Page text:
PLB Monitoring

skD1am0nd

New member
Last year I purchased a Personal Locator Beacon. A friend of mine suggested that the PLB may not be providing the safety that I think it is. His argument was that the PLB will certainly send out a satellite signal but that there may be no one to act on that signal. His suggestion was that you needed to check in the area you were going to be in to see if PLB signals would be monitored/acted on in that area.

I did a little online searching and see in the US (where my PLB was registered) that PLB signals are routed to the US Air Force Rescue Coordination Center (AFRCC). Is it safe to assume that if I activate my PLB in US that the AFRCC will contact the appropriate SAR group in US? How about outside of US? For example if I'm back-country skiing in Norway or Canada and turn on my PLB how confident can I be that the distress signal will be sent to the appropriate SAR organization?

Thanks, Scott
 

Pat Caulfield

New member
It depends on the state. In Colorado, the AFRCC will contact the Colorado Search and Rescue Board and the the on duty coordinator will contact the appropriate SAR Team. The mission is then assigned and the SAR Team will contact the AFRCC directly for the PLB info (i.e. estimated location, who is it registered to, listed contact info, etc.).

Older PLB's did not have GPS capability so the coordinates the AFRCC will have in that case can vary with each pass of the satellite. It can be a large area to search, because in the end it always is up to a ground pounders to find the subject.

Please keep your registered contact info up to date (sell or move). It seems as if first owners register consistently, but if they sell the PLB (eBay, Craigslist, 14ers.com) it can be hit or miss on the subsequent owners. Certainly, we can track down the PLB without the contact info, but it always helps to have it.

This is for a PLB, not emergency messengers (SPOT, Delorme, etc.).
 
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Arclight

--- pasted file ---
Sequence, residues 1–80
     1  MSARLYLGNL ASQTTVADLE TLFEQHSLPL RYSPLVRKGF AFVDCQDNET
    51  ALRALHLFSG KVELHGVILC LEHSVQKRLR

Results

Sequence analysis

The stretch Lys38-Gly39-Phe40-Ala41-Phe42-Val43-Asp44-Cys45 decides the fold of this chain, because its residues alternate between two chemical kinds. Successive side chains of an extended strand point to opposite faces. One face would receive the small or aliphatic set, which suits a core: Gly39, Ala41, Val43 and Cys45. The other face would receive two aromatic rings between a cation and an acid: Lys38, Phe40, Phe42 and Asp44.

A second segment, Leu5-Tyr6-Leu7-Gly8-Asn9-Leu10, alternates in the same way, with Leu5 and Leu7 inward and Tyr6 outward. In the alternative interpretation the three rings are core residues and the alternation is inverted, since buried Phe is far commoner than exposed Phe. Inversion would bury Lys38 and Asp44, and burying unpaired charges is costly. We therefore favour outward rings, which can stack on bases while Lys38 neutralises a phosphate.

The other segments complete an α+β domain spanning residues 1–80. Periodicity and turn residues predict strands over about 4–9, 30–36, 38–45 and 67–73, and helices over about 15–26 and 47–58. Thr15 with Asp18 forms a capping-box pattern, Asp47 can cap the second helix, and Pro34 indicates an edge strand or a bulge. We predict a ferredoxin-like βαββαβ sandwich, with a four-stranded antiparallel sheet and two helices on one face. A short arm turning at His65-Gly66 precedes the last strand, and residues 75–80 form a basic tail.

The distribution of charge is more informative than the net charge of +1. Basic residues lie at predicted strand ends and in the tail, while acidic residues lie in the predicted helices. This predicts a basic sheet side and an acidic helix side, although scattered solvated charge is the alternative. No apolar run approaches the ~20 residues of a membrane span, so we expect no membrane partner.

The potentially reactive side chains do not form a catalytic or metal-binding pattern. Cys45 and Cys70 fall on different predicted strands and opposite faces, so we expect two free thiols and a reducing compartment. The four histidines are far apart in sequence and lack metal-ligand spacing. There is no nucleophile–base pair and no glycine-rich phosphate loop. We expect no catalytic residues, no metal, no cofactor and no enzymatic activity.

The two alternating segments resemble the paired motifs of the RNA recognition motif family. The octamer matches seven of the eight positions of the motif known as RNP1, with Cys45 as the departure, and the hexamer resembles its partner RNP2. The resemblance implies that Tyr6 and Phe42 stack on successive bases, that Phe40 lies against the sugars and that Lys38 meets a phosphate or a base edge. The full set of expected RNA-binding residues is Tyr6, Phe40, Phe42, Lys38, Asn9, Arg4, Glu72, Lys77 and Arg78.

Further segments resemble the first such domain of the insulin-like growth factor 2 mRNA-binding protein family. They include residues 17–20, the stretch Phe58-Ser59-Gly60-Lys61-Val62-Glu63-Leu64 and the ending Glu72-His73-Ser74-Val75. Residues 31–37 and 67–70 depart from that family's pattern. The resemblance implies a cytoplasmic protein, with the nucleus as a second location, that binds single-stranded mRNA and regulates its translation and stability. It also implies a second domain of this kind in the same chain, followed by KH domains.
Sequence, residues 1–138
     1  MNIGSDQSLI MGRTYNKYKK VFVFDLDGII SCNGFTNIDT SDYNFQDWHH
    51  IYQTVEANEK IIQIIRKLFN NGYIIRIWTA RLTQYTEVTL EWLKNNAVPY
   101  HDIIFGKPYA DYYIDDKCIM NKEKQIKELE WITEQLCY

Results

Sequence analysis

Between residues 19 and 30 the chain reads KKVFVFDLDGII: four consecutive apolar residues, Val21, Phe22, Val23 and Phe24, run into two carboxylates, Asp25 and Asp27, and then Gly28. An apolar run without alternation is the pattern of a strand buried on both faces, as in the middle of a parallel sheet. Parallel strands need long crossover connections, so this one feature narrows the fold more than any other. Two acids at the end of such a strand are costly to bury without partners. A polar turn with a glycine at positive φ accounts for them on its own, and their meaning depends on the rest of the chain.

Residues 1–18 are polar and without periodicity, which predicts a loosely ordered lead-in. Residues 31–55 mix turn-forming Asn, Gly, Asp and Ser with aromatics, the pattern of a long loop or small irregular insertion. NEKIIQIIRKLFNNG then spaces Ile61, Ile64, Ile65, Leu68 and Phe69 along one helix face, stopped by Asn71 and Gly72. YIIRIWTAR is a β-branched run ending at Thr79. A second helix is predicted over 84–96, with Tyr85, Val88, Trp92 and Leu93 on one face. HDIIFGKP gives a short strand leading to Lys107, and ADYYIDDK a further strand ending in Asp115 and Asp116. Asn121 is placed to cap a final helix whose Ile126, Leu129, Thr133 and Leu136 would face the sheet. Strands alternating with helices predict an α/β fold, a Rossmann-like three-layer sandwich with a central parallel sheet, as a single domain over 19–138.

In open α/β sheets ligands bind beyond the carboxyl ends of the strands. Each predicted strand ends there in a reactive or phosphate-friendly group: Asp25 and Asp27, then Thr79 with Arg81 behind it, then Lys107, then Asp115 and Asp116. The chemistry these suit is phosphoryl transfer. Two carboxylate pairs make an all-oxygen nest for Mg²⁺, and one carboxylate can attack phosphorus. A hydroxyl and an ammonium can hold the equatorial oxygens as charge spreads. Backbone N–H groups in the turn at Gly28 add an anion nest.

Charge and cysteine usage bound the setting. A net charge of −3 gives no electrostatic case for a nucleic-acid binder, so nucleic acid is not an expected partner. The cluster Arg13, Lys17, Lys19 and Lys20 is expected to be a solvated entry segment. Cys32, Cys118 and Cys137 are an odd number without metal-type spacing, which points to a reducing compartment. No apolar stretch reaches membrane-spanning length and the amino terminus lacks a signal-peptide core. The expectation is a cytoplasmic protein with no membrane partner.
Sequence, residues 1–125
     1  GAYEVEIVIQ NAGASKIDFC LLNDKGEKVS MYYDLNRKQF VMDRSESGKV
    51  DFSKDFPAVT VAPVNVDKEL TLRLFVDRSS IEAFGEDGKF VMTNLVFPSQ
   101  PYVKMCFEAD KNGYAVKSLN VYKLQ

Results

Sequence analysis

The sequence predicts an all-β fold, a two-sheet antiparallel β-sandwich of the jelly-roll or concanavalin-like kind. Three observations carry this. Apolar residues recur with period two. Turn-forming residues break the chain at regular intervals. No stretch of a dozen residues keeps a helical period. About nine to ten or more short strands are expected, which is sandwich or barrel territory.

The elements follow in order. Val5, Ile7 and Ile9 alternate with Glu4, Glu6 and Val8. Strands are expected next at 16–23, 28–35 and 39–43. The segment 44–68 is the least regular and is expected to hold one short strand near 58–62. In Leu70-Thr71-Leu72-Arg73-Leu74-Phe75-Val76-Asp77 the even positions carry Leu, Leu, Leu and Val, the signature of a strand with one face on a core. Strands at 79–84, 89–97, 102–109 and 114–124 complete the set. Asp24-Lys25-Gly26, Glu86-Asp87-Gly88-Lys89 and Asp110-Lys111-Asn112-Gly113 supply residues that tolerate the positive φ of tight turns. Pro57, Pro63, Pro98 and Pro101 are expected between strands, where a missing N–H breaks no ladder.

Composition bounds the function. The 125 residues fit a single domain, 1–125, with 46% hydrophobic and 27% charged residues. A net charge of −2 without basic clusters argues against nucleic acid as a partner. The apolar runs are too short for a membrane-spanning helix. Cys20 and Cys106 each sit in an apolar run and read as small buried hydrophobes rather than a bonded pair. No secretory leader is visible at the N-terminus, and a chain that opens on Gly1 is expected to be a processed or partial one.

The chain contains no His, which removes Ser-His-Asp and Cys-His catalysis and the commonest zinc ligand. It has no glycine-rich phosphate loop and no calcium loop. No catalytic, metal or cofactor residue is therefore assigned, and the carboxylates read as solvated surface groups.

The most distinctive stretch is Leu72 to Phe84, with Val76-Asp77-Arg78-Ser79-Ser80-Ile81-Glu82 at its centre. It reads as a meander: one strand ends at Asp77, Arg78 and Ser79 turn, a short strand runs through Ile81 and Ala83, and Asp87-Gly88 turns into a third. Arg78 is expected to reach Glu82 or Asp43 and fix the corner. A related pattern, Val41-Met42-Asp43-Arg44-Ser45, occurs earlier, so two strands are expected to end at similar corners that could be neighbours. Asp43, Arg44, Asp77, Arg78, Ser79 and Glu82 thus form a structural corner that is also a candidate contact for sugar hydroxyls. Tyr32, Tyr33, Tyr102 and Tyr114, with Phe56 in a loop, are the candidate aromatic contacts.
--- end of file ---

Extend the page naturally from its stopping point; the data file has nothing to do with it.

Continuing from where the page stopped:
SAR guy
I would feel pretty comfortable trusting my life to a PLB anywhere in the United States. If you turn it on and leave it on, the signal will get received by both low-earth-orbiting and geosynchronous satellites several times. The only exceptions would be if you were underground, in a deep canyon, or under heavy vegetation. If the PLB has a clear view of the sky (think anywhere your GPS works) then the AFRCC will get the message. They will also get GPS coordinates (if your unit is so equipped) and a rough position solution, which gets better with subsequent satellite hits.

From there, your local Sheriff will be called and a team like ours will get dispatched. When we get close, we get out our old ELT tracking antennas, as most (all?) PLBs also transmit a low-power beacon signal that can be directly-received by aircraft and ground teams.

If you're out of the country, it depends. I'm sure that most developed countries take PLBs seriously. There are probably places, however, that can't afford to go look for your or simply don't care. The USA doesn't have an obligation to send their own rescue resources after you - they just relay the "help" message to whatever local authority is responsible. If you're doing serious adventures in a not-so-first-world place, I would recommend also having a satellite phone and/or Inreach device that can notify YOUR people as well.

Arclight
 

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cdthiker

Meandering Idaho
I would feel pretty comfortable trusting my life to a PLB anywhere in the United States. If you turn it on and leave it on, the signal will get received by both low-earth-orbiting and geosynchronous satellites several times. The only exceptions would be if you were underground, in a deep canyon, or under heavy vegetation. If the PLB has a clear view of the sky (think anywhere your GPS works) then the AFRCC will get the message. They will also get GPS coordinates (if your unit is so equipped) and a rough position solution, which gets better with subsequent satellite hits.

From there, your local Sheriff will be called and a team like ours will get dispatched. When we get close, we get out our old ELT tracking antennas, as most (all?) PLBs also transmit a low-power beacon signal that can be directly-received by aircraft and ground teams.